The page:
Merlin 3B+ Speaker Refurbish

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Project by knotscott posted 08-15-2020 12:23 AM 576 views 1 time favorited 6 comments Add to Favorites Watch
Merlin 3B+ Speaker Refurbish
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This is a pair of Merlin 3B+ speakers made in Rochester, NY circa 1990. These were given to me by a former Kodak co-worker, who also worked part time with me for Merlin around the time these speakers were made. His wife was tired of looking at them, and thought they were too big. Odds are good that I had a hand in the original manufacture of these 30 years ago. Without question I can lay claim to 100% of the refurbishment!

The original foam covering had completely disintegrated, the wood finish had some minor damage, one of the woofers had come disconnected, and the midrange and tweeter potentiometers needed some cleanup. The bottoms are loaded with sand, and they weigh over 100# each. These were a very serious pair of high end speakers that retailed for close to $1000/pr, and still sound pretty amazing even by today’s standards. I owned a pair of Merlin 4s years ago until I made the speakers I still use today.

I cured the performance ills, sanded and re-oiled the oak caps, and re-wrapped the tubes with 1/4” 30 ppi filter foam. ~ $45 of materials, and they’re back to looking like new. I had enough foam left over to wrap another small pair of speakers I had made in the mid 90s, and out of guilt offered them to the guy who gave me the Merlins, and he accepted. Those are a pretty respectable sounding little pair of speakers too with solid cherry wood.

Merlin 3B+:


Here are the Sterling ST-10s that I offered in trade:

-- Happiness is like wetting your pants...everyone can see it, but only you can feel the warmth....

6 comments so far

View mel52's profile


1640 posts in 1113 days

#1 posted 08-15-2020 03:15 AM

Congrats, you did a great job on them. Mel

-- MEL, Kansas

View TopamaxSurvivor's profile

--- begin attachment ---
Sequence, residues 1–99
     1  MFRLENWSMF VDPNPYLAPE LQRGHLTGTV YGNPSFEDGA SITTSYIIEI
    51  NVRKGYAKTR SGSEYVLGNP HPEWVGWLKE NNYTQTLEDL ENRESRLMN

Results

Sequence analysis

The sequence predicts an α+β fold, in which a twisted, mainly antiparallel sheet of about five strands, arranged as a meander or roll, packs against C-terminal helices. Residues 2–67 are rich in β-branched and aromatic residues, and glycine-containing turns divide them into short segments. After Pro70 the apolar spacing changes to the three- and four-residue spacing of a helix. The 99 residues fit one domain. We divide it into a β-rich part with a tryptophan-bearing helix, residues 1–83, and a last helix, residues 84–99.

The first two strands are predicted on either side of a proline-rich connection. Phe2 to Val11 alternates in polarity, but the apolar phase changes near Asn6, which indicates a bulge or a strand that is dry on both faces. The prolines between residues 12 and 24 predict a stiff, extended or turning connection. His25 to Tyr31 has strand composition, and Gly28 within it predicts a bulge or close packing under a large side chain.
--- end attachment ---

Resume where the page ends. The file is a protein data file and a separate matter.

19531 posts in 4524 days

#2 posted 08-15-2020 05:10 AM

They look better than new. Nice work.

-- Bob in WW ~ "some old things are lovely, warm still with life ... of the forgotten men who made them." - D.H. Lawrence

View RCCinNC's profile


268 posts in 1175 days

#3 posted 08-15-2020 04:01 PM

Much better looking now! The “sock” design allowed for better component quality too, as the cabinetry expense was far cheaper than a finished/ veneered unit.
Interesting speaker, very similar both in look and phase alignment design of Vandersteen’s…right down to the top panel window and the reduced/curved baffle area of the mid/tweeter. So much so I wonder if Merlin, or Vandersteen was an offshoot company from the other. I still have Model 1 Vandy’s from 1985, still going strong…though limited now to rear channel duty.
I bet they still sound great!

-- Live to putter...putter to live!

View Ron Stewart's profile

Ron Stewart

207 posts in 3352 days

#4 posted 08-15-2020 08:41 PM

Nice save.

I know Merlin speakers only from Stereophile ads and reviews. All of the ones I’ve seen have traditional hard-sided cabinets with fancy automotive paint jobs and inlaid triplets of metal strips. I didn’t realize their earlier models used foam socks like this.

It’s really cool that you may have helped produce the original pair, and that they eventually made their way back to you.